The Tuesday View: 11th October 2016

It’s another grey day this week. The sun tried hard to break through the clouds, but failed miserably, with rain later this afternoon. I took my photo of the view at about 2.30pm, while it was still a bit brighter…tuesdayview11th2

Thank goodness for the colour on such a drab day! There is more paling foliage this week, but the golden Euonymus and Persicaria Firetail brighten up this area, and several Geraniums are still flowering in the foreground.

Buried below the sagging Perovskia a brave little Persicaria ‘Blackfield’ is flowering again. This one is nowhere near as strong as Firetail, but it is also a lot younger so perhaps it will catch its big brother up one day.


At the back of this view you can also see the Japanese maple turning a lovely burnt orange… when the sun shines I will have to get some prettier pictures of it to share.


I am also pleased with the autumn colour of the dwarf standard Lilac tree ‘Palibin’ planted last year. It is in front of the tall pink rose at the top of the rockery, just behind the spiky Crocosmia foliage. The flowers were short-lived, but the foliage is at least nice all summer too.

Perhaps you would like to join me in following a single view of your garden through the seasons, posting a photo each Tuesday. It has been a very useful and fun exercise again this year, as I observe what works, what struggles and where the gaps are for new ideas. 🙂 Thanks to all those who have joined in so far!


39 thoughts on “The Tuesday View: 11th October 2016

  1. It’s so very interesting to see the differences between the different forms of Persicaria amplexicaulis illustrated in this way. I have a few, including other more standard reds – Taurus and Fat Domino- while the variously coloured and so named ‘Field series are clearly much more sought after these days. I sold ten Orange Field in just an hour at our open garden day for charity in June, but, I’m stuck with a crate of excellent Firetail seedlings 3 months later when we close the gates.

    • Hi Kate. A shame I don’t live nearer as I would gladly take a few Firetails off your hands! 😉 Orange Field sounds interesting – is it really orange? I must look it up. I saw Fat Domino on Cathy’s blog but was unable to find one here. I have just planted an ‘Album’. I am wary of white plants but saw it in my gardening journal here in exactly the same situation as mine, so I hope it will look good near the Gaura. So you have closed your garden for the season then?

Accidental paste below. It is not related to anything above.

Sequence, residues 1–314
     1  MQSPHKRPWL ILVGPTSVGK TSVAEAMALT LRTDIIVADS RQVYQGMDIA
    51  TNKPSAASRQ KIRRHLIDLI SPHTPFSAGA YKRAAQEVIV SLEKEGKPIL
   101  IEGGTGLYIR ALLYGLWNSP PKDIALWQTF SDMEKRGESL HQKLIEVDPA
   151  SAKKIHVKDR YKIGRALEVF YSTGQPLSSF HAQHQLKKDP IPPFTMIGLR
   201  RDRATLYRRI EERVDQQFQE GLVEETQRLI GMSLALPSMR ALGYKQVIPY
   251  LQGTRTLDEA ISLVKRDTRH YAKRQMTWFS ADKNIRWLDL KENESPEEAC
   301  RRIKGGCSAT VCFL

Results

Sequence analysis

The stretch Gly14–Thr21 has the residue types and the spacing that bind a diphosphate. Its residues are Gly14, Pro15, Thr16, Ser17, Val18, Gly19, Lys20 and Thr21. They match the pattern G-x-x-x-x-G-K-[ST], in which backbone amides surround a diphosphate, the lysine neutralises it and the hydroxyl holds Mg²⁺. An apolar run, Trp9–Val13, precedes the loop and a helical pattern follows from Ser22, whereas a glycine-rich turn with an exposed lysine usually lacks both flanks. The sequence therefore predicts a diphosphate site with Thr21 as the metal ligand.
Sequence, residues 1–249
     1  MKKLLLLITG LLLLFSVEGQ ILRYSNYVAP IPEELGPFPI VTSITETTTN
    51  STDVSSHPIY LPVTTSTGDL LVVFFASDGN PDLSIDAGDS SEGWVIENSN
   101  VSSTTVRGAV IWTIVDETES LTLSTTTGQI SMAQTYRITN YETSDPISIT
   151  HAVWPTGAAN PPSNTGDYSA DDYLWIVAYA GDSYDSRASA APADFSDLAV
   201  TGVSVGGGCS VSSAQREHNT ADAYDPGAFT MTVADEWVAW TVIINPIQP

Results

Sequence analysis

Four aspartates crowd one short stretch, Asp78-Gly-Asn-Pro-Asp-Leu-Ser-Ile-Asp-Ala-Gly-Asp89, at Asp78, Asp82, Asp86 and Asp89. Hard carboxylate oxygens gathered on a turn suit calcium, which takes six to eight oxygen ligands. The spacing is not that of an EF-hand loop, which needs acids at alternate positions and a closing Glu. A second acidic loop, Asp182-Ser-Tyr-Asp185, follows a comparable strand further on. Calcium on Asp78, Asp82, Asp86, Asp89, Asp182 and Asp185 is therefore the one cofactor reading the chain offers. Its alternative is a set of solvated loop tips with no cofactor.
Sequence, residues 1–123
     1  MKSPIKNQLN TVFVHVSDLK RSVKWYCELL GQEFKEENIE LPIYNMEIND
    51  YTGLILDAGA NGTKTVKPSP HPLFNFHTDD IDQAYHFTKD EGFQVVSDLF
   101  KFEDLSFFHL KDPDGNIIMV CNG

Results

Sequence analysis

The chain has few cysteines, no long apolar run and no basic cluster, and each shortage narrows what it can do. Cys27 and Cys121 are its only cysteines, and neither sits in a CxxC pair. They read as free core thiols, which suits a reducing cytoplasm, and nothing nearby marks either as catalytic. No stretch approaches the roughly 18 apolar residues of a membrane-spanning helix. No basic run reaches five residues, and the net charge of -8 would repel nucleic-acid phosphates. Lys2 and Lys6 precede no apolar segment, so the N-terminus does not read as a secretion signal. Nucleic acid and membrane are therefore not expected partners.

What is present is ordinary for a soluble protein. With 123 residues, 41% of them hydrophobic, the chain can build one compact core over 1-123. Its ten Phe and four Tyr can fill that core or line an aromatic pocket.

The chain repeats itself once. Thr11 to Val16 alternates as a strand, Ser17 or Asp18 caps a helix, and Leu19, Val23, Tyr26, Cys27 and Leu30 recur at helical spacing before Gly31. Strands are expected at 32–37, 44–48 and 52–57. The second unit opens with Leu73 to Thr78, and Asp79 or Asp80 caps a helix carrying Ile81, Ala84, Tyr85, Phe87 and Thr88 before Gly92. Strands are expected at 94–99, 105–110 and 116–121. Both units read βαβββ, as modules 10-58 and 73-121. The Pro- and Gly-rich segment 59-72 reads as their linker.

2. The garden is still looking very tidy and full of interest. Hope the sun finds you soon. After the hurricane passed through we started having crisp clean air and deep blue skies.

    • Full of interest but not so tidy! 😉 We have had showery weather again today, but hopefully it should cheer up towards the weekend and I can get some bulbs planted!

  3. Pingback: A Different View October 11 | Eliza Waters

    • The maple is a central focus point in the garden, visible from the living room window, and I would never want to be without it at any time of year! 🙂

  4. It still looks great! Your garden is carrying on into autumn perfectly.
    So nice to see the lilac coloring up. I have the regular kinds and they don’t seem to do much of anything this time of year. I was actually thinking they kind of distract you from the brighter fall foliage and I’m not sure I like that…. but given that I’ve already invested several years and two of them have yet to even think of blooming I don’t think I can get rid of them.
    I made it again this week, such reliability comes as quite the surprise!

    • I was quite surprised by that lilac – when I planted it last autumn it hardly had any leaves left on it. It is good to have some green foliage too though, for the contrast. I hope you will show us a close up of your burning bushes soon!